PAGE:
Next-gen hepatitis C drugs, notably Gilead’s Sovaldi and Harvoni, have cured many patients in the last few years, but we’re still short of a prophylactic vaccine. Hoping to change that are scientists at the University of Maryland, who have secured funding from the NIH to work on a new candidate.
The National Institutes of Health awarded the school's Institute for Bioscience and Biotechnology Research (IBBR) $6 million to work on a hep C vaccine from so-called structure-based design over the next five years.
Like many viral and bacterial pathogens, hep C mutates and evolves rapidly to evade the human immune system, a feature that poses major challenges for vaccine development, explained Thomas Fuerst, Ph.D., director of IBBR and lead principal investigator on this NIH-supported study. These so-called smart viruses could develop immunology decoys to trick the body while hiding some critical features deeper inside. By re-engineering vaccine immunogens at the atomic level, structure-based design could stabilize the antigen, expose its key epitopes and disable other distracting features, thus achieving optimal responses, Fuerst told FiercePharma.
The multidisciplinary team includes experts in human immunology, vaccinology, structural biology, computational modeling, protein engineering, and immunoadjuvant and formulation chemistry. Over the past 10 years, the team, in collaboration with Stanford University School of Medicine, has been focusing on identifying human monoclonal antibodies—from “millions and billions” of them—that could kill diverse strains of the hepatitis C virus. The group then used them to guide selection of an appropriate antigenic site as the vaccine target, Fuerst said.
Now, they have produced several candidates to be examined in upcoming tests in monkeys to determine a lead product for clinical development. Fuerst said they expect to finish the preclinical study in 2018.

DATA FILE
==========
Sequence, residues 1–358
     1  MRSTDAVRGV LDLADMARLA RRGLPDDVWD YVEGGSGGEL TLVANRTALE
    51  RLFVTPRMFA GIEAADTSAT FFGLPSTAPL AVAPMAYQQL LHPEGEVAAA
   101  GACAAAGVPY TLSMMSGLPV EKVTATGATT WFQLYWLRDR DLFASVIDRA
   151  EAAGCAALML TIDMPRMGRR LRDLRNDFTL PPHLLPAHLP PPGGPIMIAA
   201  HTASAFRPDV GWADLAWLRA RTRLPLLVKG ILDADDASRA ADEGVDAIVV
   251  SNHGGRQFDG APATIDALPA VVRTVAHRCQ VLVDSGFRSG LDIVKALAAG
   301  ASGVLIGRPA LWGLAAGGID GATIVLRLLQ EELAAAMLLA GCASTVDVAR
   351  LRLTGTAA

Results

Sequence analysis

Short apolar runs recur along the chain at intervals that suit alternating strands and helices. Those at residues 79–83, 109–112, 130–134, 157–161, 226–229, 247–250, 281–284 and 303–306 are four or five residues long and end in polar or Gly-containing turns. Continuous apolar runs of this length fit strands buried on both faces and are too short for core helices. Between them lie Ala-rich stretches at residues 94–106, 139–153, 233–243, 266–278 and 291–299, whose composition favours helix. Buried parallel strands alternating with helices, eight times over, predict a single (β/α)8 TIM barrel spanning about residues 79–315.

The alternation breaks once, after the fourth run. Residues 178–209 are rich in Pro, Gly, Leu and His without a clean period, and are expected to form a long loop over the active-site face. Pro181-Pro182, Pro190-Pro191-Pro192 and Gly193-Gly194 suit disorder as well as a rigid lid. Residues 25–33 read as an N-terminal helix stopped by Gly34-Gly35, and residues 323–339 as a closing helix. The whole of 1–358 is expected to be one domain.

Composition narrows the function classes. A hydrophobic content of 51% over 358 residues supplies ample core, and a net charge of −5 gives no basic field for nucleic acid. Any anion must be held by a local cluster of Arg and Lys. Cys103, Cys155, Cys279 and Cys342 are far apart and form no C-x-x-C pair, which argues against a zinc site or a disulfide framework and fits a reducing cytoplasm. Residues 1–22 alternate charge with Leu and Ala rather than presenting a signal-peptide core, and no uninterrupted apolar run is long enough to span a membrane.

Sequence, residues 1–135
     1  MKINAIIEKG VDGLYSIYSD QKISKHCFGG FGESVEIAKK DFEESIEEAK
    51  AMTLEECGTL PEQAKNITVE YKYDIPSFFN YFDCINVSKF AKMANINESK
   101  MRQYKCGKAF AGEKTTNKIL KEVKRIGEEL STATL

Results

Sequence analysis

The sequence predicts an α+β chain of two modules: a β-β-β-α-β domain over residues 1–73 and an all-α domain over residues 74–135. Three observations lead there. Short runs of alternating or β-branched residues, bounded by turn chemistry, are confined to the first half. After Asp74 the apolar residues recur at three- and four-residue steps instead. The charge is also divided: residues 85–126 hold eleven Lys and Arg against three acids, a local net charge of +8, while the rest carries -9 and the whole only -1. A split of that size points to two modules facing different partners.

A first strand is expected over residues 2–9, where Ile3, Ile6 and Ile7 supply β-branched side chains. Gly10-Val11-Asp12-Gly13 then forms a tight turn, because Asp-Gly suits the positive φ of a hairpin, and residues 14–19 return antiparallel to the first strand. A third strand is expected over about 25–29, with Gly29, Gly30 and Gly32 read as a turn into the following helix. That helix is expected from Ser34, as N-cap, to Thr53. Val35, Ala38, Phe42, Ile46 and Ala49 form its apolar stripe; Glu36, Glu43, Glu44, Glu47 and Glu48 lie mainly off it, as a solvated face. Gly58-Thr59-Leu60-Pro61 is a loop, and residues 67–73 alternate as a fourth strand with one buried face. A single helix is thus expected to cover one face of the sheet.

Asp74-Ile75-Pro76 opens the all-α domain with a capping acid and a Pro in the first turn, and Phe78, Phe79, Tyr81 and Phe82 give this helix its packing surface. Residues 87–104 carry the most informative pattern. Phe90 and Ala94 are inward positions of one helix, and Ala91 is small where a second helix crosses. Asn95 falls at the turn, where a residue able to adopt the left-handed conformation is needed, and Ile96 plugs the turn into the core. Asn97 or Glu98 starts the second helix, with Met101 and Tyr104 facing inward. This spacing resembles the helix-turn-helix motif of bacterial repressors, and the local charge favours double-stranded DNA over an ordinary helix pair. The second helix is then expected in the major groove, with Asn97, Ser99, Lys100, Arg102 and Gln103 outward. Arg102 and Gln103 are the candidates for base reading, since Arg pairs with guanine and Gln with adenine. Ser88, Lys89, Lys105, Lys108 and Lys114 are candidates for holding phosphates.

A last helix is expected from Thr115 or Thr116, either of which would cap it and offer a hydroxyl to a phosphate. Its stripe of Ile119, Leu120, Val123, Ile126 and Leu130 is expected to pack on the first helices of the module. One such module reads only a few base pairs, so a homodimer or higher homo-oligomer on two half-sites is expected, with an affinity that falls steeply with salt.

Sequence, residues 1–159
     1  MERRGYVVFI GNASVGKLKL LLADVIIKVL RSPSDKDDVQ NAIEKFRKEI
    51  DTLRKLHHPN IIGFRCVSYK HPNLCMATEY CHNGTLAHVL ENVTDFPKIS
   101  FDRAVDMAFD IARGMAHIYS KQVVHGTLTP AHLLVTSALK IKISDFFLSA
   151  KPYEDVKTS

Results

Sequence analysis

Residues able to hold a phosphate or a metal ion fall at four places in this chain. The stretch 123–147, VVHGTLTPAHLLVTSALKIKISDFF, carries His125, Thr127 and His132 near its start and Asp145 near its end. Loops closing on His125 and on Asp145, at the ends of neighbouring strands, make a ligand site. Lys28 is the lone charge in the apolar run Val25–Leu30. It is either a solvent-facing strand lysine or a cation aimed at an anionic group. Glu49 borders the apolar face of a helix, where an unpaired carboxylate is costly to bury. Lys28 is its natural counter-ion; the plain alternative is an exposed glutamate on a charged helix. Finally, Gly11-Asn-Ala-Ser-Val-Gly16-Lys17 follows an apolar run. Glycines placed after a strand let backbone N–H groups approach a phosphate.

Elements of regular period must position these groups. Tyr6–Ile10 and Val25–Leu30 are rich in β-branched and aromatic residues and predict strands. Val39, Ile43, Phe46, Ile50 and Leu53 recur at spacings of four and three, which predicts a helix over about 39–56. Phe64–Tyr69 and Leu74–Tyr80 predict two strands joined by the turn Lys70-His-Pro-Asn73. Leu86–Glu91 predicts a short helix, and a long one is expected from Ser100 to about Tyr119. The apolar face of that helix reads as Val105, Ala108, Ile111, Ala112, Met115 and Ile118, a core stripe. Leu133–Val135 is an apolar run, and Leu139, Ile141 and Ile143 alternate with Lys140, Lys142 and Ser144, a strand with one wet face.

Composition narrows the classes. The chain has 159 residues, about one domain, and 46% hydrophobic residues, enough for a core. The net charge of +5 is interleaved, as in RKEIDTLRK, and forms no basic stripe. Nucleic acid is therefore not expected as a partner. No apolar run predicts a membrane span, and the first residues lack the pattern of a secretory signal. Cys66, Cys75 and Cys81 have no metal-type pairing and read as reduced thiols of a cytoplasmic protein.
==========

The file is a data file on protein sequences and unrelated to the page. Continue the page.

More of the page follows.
The project was previously funded by the “MPowering the State” initiative, a partnership between the university’s College Park and Baltimore campuses designed to expand research collaborations and promote innovation.
Besides the $6 million injection from the NIH, Fuerst said his team is also looking for an additional $5 million to $10 million to advance into human testing. Moving forward, the team expects to license the product out to a biopharma company, Fuerst said.
The IBBR’s Structure-based Vaccine Design team is also leading development of vaccines against pan-filoviruses—Ebola included—using the same technology, and is collaborating with other institutions on its application in an HIV vaccine. Last August, the University of Maryland’s Institute of Human Virology received a $14.4 million grant from the NIH for work on creating an effective HIV vaccine.
The hepatitis C drug market, on the other hand, is already crowded with competition. Major players Merck & Co., which has Zepatier; AbbVie, which sells Viekira Pak; and Gilead Sciences, which owns Sovaldi, Harvoni and Epclusa, are experiencing sales woes as the number of patients cured rises and the pool of untreated patients shrinks.